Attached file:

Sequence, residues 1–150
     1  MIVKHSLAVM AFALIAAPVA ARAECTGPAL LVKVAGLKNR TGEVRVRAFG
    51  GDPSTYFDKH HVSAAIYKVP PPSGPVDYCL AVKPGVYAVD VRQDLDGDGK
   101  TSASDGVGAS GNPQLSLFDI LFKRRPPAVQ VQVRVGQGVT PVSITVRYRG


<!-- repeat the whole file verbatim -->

Sequence, residues 1–150
     1  MIVKHSLAVM AFALIAAPVA ARAECTGPAL LVKVAGLKNR TGEVRVRAFG
    51  GDPSTYFDKH HVSAAIYKVP PPSGPVDYCL AVKPGVYAVD VRQDLDGDGK
   101  TSASDGVGAS GNPQLSLFDI LFKRRPPAVQ VQVRVGQGVT PVSITVRYRG